I don't have a 4K TV or monitor yet, but the video I make today is better to be compaible with future's TV or monitor. I assume it can be converted through over sampling or simply shoot 4K now.
However, I still cannot see the difference of 4K video as of today. Anyone can really see that? May be because the programs are not from 4K cameras?
I can simply buy a digital camera with 4K video, but then another quesion comes, there are two types of resolution both claimd to be 4K, the 4096 DCI and 3840 UHD. How do you choose?
There are two 4K numbers, and you've identified both of them.
One comes from TELEVISION, and that's the 3840.
It really comes down to aspect ratios. TV is 1:1.78 (16x9) , whereas cinema is 1:1.85 or 1:2.35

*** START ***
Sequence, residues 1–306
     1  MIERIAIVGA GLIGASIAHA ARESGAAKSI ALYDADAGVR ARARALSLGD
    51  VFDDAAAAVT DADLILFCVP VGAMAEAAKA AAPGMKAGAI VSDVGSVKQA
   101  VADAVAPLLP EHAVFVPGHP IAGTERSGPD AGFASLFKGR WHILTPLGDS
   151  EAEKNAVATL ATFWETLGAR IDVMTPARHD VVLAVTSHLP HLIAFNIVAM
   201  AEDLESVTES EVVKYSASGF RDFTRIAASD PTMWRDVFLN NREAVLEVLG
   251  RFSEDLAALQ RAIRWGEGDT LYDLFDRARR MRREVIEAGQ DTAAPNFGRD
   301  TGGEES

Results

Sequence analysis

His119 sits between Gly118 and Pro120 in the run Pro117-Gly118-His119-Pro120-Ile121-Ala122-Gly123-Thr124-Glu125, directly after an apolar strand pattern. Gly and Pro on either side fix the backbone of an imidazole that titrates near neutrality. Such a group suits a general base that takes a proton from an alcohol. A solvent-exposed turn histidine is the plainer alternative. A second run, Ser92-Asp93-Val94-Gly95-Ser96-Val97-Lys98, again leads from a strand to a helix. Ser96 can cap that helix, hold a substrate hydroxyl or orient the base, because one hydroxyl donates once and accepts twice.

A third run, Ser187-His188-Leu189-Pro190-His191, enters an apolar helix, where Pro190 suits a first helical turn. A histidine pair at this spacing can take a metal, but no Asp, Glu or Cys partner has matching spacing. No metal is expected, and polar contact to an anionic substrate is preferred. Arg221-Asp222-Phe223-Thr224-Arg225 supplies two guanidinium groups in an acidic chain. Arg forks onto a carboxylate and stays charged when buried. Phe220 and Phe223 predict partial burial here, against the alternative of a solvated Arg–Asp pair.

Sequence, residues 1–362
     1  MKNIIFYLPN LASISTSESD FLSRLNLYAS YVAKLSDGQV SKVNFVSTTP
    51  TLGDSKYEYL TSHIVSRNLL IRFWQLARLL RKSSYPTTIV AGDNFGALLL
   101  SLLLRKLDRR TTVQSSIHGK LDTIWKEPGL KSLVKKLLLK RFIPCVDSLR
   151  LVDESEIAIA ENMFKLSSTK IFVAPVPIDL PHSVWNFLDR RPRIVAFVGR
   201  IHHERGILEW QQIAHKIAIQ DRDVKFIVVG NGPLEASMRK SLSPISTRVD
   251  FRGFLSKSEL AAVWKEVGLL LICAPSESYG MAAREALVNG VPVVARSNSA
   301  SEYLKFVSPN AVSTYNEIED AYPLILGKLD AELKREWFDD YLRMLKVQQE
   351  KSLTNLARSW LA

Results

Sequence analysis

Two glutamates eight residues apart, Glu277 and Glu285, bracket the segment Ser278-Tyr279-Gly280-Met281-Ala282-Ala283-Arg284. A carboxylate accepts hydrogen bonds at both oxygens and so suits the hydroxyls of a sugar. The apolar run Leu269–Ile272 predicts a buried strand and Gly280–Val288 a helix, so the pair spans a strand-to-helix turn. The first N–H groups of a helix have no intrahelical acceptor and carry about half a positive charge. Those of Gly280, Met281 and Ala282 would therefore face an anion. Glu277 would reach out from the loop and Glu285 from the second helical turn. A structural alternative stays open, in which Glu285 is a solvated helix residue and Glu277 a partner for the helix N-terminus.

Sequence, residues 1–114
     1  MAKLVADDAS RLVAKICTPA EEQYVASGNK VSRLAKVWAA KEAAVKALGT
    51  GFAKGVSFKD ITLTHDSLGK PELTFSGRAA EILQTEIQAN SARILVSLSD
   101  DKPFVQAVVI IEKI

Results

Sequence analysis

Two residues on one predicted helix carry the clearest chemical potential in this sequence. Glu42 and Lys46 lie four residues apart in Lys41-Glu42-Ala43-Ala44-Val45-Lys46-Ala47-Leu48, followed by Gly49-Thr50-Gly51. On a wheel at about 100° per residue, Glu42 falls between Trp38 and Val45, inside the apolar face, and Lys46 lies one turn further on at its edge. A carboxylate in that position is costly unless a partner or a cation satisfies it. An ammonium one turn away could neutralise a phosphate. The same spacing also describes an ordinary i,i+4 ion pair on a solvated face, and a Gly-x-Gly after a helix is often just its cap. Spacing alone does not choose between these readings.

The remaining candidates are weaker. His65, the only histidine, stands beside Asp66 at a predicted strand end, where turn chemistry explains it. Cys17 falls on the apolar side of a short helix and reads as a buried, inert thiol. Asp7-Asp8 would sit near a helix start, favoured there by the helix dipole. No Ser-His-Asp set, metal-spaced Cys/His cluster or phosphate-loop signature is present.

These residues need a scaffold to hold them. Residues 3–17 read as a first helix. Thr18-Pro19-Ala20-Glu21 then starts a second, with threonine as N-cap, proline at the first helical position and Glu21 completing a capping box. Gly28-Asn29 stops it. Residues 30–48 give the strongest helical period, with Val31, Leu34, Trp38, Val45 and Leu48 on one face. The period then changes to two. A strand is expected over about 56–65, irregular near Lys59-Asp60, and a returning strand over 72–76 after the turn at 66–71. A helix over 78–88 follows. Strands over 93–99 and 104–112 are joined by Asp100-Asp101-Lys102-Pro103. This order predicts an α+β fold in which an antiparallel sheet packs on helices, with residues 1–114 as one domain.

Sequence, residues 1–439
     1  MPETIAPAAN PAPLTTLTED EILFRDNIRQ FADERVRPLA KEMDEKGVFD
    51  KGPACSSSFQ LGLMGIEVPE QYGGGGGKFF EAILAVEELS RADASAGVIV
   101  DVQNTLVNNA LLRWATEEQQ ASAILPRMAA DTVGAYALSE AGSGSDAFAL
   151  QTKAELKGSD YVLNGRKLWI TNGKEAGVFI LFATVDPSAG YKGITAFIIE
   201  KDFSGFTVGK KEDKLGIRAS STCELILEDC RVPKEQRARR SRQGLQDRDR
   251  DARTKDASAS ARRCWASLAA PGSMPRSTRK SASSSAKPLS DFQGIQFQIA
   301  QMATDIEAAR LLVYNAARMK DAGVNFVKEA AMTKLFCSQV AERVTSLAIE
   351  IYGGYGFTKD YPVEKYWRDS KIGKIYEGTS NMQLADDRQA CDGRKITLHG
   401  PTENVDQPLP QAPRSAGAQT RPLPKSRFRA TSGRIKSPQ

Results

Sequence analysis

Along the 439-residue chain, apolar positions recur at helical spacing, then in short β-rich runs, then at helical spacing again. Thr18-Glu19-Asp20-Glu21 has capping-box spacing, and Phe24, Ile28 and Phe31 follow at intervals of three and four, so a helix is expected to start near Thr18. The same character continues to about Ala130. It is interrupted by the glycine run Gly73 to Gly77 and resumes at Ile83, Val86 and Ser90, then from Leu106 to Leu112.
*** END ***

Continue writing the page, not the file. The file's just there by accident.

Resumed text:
3860 is the 1.78 ratio for TV or sometimes called UHD.
4096 is the CINEMA standard, allowing for 1:1.85 (it's actually 1.89 but they allow some wriggle room for masking in the cinema)
I wouldn't get too hung up on the numbers. Some people worry about their UHD camera not being a 4K camera, but it's kind of stupid. Most people don't realise that the currently most acclaimed high end cinema camera which shot most of the cinematography oscar winning film Revenant is a 2.7K or maybe 3.2K sensor (the Arri Alexa)
It's moronic but Netflix when commissioning shows are saying it has to be a 4K camera, so that actually means the digital cinema camera that has pretty much been the gold standard for CINEMA PROJECTION isn't considered good enough for a low data rate streaming service on a home Television.
It's total mesuarbating of the worst kind. So many things other than pixel resolution affect the end result.
So to answer your question directly, is your 4K TV a 16x9 TV ? If so then you're fine with UHD which will fill it nicely. If you shoot 4096 then you're going to have to scale it (and have a black bar at the top and bottom ) or you'll have to crop it to...ummmmm UHD.....
Don't get too hung up on it.